This could not, of course have hit a segment of our society that could afford it less. Have you known anyone who has worked in the service industry? I’m guessing they weren’t the wealthiest people you knew. Waiters, bartenders, personal trainers, porn stars. These aren’t exactly the people at the top of the socioeconomic ladder. Well, unless you’re a porn star that slept with Trump. No, these folks are the people that are working two jobs to make ends meet, moving in with roommates in order to cut down on expenses, and eating lots of leftovers, even when it wasn’t good the first time. And now things are about to get a whole lot worse.

According to most estimates, over 12 million people are set to see their unemployment benefits expire by the end of the year. What do you think is going to happen with these people? There is no amount of stimulus money that is going to pay these folks’ rent, and rent and mortgage forgivenance can’t be extended in perpetuity. We are set to see a mass exodus into the depths of homelessness like we have not witnessed since the Great Depression, as millions of families are evicted or foreclosed on in the weight of accumulating bills they simply don’t have the money to pay.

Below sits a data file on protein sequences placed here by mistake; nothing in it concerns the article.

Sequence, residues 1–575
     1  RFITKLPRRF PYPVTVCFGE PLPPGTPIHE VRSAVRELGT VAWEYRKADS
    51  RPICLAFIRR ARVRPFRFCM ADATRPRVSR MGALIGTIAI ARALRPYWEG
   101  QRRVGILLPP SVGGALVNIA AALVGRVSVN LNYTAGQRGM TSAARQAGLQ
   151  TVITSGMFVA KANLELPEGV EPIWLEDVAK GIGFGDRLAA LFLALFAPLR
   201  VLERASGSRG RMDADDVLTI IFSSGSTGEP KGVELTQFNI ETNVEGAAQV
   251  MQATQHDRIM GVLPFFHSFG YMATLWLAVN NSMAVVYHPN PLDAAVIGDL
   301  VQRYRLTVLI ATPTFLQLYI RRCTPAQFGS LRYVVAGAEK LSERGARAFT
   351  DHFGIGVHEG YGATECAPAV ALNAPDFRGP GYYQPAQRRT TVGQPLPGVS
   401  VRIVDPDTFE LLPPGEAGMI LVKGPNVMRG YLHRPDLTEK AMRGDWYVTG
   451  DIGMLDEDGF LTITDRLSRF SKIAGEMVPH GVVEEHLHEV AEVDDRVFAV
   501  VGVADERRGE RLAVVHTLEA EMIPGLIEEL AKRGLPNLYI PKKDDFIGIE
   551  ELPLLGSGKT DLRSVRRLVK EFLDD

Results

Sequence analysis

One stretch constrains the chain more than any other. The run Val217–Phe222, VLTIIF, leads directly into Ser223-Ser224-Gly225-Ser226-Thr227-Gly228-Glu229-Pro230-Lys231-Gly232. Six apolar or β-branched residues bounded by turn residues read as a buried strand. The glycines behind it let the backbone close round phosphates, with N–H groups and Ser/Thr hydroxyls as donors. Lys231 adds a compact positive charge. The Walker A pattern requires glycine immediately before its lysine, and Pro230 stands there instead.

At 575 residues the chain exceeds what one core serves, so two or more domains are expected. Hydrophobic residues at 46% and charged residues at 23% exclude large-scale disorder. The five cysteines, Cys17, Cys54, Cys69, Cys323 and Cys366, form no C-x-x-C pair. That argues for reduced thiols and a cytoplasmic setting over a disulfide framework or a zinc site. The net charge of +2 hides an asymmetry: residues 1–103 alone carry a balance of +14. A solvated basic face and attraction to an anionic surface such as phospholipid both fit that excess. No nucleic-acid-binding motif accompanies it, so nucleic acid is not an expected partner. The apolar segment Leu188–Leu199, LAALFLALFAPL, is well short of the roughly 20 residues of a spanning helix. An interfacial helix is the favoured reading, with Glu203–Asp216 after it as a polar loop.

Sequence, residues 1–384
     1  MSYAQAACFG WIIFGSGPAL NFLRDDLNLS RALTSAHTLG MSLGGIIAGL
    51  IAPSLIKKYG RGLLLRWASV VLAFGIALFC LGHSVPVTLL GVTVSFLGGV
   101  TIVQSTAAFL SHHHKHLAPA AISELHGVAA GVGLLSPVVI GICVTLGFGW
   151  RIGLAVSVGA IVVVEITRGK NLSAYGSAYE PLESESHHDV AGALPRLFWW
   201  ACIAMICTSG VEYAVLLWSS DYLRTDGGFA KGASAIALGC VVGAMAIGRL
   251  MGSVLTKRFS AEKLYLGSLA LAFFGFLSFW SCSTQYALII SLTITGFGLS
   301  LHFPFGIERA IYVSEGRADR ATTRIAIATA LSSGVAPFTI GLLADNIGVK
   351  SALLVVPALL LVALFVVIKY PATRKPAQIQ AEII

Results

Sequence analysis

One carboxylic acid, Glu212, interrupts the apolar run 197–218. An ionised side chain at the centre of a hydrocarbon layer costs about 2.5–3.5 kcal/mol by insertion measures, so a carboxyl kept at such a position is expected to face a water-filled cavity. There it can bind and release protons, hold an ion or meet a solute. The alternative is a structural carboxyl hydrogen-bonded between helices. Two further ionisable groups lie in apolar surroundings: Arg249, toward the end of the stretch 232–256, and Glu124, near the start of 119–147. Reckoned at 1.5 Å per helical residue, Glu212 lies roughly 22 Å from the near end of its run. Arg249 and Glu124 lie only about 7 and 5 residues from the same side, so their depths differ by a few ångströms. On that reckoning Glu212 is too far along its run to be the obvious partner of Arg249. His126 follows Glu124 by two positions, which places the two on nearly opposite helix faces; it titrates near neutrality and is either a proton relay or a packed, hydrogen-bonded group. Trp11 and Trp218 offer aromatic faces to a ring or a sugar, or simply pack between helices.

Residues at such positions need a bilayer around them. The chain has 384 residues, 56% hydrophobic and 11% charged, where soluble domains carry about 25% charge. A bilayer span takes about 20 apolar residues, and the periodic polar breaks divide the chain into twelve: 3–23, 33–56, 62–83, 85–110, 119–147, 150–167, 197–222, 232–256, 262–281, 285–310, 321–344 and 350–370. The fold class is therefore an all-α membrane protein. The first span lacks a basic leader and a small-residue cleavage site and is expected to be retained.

So I guess how you view the ramifications of the Covid economy depend on where you fall along that spectrum. If you’re a service industry employee who lost your job months ago, you are hoping for a Christmas miracle as you hang on tenuously to your current abode. But if you have some money in the stock market, things are great, and hey, your buying power has never been better. But perhaps things are not quite that simple.

No, perhaps we are all just a bit more interdependent than those numbers might suggest. You see, when those unfortunate folks start defaulting on their mortgages, apartment buildings start lying vacant, and consumer spending dries up dramatically, the rest of us might just start sharing their pain. Think of it as the counter-positive argument for trickle-up economics. As the lower classes struggle even further, their economic burden cannot help but reverberate further up the socioeconomic hierarchy, sending catastrophic shock waves rippling through the entire economic structure from Wall Street to Main Street and beyond. It is imperative that we recognize the full interconnectedness of our economy and make brave efforts to invest in the people who need it most during the crushing weight of the current recession. Failing to do so, we may just find that the glass half-full economy we are looking at today goes crashing to the floor tomorrow.

Steven Craig is the author of the best-selling novel WAITING FOR TODAY, as well as numerous published poems, short stories, and dramatic works. Read his blog TRUTH: In 1000 Words or Less every THURSDAY at www.waitingfortoday.com

Steven Craig is the author of the best-selling novel WAITING FOR TODAY. Read his blog TRUTH: IN 1000 WORDS OR LESS on Thursdays at www.waitingfortoday.com